under the terms of the old Financial Services Act 1986, the responsibility
for burying the dead of that particular episode would lie with
the life insurance industry itself?
(Ruth Kelly) I am not saying I think there was a regulation
failure on the conduct of business side. I am saying that Baird
very clearly shows that there should have been a more consistent
and coherent approach to these issues. I am determined to see
that that now happens, which is precisely why I have been pressing
the FSA on this point. As I understand it, you are right. If there
were evidence of failure, it would rest with the PIA and then
it would be the industry which would be responsible.
143. Policyholders who are making decisions
about their financial future do the best they can with the information
they have available to them. In this instance, they found that
their reasonable expectations had been built on sand and in the
Myners Report there is severe criticism of how transparent the
industry is. If there had been a better definition of PRE, do
you think that the Equitable Life episode could have been discovered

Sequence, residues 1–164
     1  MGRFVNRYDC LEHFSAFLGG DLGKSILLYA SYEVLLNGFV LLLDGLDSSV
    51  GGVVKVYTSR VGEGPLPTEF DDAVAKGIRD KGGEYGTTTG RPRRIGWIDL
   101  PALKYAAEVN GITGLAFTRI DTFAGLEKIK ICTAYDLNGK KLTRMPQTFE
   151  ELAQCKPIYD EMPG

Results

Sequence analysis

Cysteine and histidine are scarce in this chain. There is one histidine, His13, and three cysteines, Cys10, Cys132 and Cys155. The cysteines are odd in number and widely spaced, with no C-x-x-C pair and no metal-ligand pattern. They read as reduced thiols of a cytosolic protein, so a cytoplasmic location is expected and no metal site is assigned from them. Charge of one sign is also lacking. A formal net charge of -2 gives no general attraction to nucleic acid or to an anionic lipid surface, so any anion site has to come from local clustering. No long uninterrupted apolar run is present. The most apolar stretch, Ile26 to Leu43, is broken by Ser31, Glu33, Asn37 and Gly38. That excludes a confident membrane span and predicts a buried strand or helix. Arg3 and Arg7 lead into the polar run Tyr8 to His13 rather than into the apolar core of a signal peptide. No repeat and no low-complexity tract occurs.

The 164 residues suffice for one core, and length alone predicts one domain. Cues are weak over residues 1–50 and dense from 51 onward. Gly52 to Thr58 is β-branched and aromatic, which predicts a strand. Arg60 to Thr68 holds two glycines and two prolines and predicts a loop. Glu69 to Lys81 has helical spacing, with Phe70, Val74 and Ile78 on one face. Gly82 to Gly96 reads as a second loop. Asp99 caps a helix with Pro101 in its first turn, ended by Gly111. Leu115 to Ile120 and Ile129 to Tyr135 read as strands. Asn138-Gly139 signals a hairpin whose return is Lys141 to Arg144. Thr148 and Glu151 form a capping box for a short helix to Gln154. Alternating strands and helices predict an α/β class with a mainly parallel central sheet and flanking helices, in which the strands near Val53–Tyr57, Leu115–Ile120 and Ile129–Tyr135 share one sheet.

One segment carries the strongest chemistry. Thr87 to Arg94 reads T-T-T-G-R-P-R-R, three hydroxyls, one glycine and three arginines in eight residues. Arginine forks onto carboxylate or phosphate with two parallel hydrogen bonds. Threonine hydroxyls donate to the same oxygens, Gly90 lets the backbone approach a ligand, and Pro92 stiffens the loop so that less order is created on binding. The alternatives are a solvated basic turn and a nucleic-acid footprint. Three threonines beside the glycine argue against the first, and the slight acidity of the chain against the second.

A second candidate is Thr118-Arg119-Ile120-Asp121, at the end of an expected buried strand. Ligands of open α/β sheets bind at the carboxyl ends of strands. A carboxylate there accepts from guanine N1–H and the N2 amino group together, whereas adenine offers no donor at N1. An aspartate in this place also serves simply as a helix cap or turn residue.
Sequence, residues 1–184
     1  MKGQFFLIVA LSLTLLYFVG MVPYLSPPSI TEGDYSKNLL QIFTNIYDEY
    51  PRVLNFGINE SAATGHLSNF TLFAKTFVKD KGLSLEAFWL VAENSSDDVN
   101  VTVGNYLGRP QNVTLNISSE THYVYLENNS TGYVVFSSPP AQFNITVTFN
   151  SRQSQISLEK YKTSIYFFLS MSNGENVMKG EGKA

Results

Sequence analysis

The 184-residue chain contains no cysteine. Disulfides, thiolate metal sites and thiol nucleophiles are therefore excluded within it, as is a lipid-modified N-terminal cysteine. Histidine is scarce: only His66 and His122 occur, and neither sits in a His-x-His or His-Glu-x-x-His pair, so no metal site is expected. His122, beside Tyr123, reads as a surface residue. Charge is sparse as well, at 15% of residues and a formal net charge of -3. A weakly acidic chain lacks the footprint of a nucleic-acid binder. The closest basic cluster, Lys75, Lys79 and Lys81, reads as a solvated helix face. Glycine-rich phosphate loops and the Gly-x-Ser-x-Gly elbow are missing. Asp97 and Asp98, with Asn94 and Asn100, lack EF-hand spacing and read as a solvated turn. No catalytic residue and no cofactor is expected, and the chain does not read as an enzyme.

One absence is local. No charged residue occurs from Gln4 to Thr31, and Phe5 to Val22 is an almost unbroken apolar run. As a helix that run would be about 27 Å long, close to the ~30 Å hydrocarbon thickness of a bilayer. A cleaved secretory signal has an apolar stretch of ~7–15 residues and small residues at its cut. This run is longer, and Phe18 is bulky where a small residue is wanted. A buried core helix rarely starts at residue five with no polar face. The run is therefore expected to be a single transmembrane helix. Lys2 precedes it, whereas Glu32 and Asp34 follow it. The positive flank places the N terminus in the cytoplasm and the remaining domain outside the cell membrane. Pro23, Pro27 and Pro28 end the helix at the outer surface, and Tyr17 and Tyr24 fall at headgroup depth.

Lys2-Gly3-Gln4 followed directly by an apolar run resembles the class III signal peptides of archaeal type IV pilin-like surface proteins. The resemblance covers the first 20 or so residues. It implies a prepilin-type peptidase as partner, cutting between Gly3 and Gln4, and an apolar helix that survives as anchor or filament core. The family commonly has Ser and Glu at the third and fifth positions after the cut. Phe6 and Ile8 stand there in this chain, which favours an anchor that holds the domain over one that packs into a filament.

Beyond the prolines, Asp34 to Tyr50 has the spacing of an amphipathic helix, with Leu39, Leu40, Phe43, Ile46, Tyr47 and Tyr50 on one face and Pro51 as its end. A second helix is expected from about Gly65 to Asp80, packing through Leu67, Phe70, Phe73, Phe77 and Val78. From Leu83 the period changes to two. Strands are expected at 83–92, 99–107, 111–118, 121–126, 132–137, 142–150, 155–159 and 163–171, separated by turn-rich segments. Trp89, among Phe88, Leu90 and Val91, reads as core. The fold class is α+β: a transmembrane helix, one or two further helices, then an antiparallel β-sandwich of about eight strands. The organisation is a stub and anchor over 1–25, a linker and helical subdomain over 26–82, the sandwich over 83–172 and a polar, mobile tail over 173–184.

(Ruth Kelly) That is a really interesting question.
The nebulous nature of policyholders' reasonable expectations
has been a recurrent issue throughout regulation. It is something
to which the Baird Report clearly suggests more attention could
have been paid over the years for which the FSA was responsible.
As I understand it, that concept is going to change when the formal
transfer of powers is handed over to one of fair treatment for
consumers. The FSA is going to be devoting its efforts to establishing
precisely how that can work in the best interests of consumers
but policyholders' reasonable expectations have been an issue
which has bedevilled the industry for a long time.
144. While pursuing a similar line of inquiry
with Sir Howard, I asked him if the concept had had its day and
he agreed it had, with only a month to live. That leaves me with
some concerns about existing policyholders not just for Equitable
Life but across the insurance sector altogether, given that policyholders
still have what they believe are their legitimate reasonable expectations
from their policies. Would it be useful at this stage, even now,
to properly define their reasonable expectations and have some
sort of definition that has a legal bearing?
(Ruth Kelly) What we would run the risk of doing is
precisely to replicate one of the accusations that has been mounted
against the issue of insurance guidance to insurance companies